Tom Parker Bowles: Bulli for you


Last updated at 19:51 07 December 2007

Tom tries his hand at creating a little piece of magic of Barcelona's legendary El Bulli restaurant, who some say is the best restaurant in the world

The dazzling, inspired and often bonkers culinary creations of Ferran Adrià at his El Bulli restaurant near Barcelona are miles removed from the capabilities of the average domestic kitchen.

First and foremost, Adrià is a brilliant chef. Don't be swayed by all this current "molecular gastronomy" nonsense. Like Heston Blumenthal, the man can flat-out cook.

With a palate as well-honed as the finest Japanese blade, and technique to match, he sees the laws of physics and chemistry as mere irritating hurdles on his path to edible sorcery. Then there's his kitchen and laboratory, stuffed full with intense, talented disciples and hundreds of thousands of pounds worth of industrial kit from ThermoMixers and Paco Jets to Profi Whip siphons and encapsulating machines.

These all come together to help create hot black-truffle jellies, liquid ravioli, frozen chocolate powder, barbecued sorbet, sautéed green salads, paella rice crispies and hot frozen-gin fizz.

In fact, only the seriously committed – or the utterly deluded – would attempt even the most basic recipe on the El Bulli menu. This sort of food is the reason restaurants were invented.

But recently, Adrià brought out a range of "texturas" – a line of products that are 'essential' for you to recreate some of El Bulli's best-known techniques, such as hot gelatines, airs, melon caviar or spherical ravioli, at home.

Although my hatred of foams and fussy food knows no bounds, I decided to spend an afternoon finding out whether the cack-handed home cook (me) had any chance of creating a little piece of El Bulli magic.

The recipes are exact, the opposite of my messy, chaotic cooking. For added support and inspiration, I called over Bill, a friend and former chef. 'Looks complicated,' was his first comment, but there was no way we could mess up the "lime air," a basic mixture of water, lime juice and Lecite (a natural soy lecithin-based emulsifier).

Then we hit the first snag. All the liquid measurements were in grams; I only have old-fashioned brass scales in ounces. After many hours of balancing various copper coins we managed, but the 1.5 grams of the Lecite was estimated, by necessity. We then used the whisk on the surface as instructed and did end up with a bowlful of foam that tasted of lime.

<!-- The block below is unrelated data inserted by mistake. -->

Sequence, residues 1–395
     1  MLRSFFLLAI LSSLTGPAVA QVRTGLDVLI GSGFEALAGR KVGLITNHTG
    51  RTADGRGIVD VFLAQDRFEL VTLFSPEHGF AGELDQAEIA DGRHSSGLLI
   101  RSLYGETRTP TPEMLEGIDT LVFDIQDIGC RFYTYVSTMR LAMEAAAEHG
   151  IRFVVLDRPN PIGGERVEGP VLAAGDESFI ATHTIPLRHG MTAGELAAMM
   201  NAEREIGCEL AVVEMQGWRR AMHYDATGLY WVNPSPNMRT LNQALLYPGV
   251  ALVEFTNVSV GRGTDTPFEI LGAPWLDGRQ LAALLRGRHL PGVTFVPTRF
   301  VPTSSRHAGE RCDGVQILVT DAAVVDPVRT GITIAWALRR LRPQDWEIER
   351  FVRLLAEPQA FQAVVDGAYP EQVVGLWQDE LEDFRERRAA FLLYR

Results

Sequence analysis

"Now what?" smirked Bill. Were we in El Bulli's kitchen, there would be a million plates to dress and palates to impress. At home, we were more limited. We stared disconsolately at the "air" before Bill threw it into the freezer.

Then we moved on to 'reverse spherification', a term so complicated we barely understood its meaning, let alone the process. In essence, this creates solid "spheres" out of liquids without the need for flour or egg thickeners.

"But I like flour and eggs," moaned my companion, as he set about mixing 1,000g of water with five grams of Algin, a substance extracted from brown algae and crucial to "spherification."

The recipe was a deconstructed version of the classic Spanish croquette – hardly the stuff of a speedy Monday night dinner.

After we had mixed our croquette base (milk, butter and Serrano ham) with six grams or so of Gluco (another essential in the 'spherification' process) and around 0.8g Xantana (a commercial thickener), we were still none the wiser as to the end product.

We were instructed to "cook" the croquette mixture, by now shaped into messy quenelles, in the cold Algin solution, then place in hot water for a further three minutes, before coating in fried breadcrumb powder. At this point, we gave up. The croquette mixture didn't set (all due to our inexact measurements) and our patience was running thin. What is great, delectable and ground-breaking when done at El Bulli is simply frustrating when attempted at home.

But these "texturas" are meant for professional kitchens, where they perform all sorts of magic. They're rather wasted on someone like me. "I won't be binning Delia just yet," said Bill as he left.

And as I cleared away the various jellies, foams and airs that splattered my kitchen, I looked forward to my resolutely old-fashioned dinner of steak, green salad and a vast baked potato. No fiddly grams, no gelification and, best of all, no 'spherification' required.


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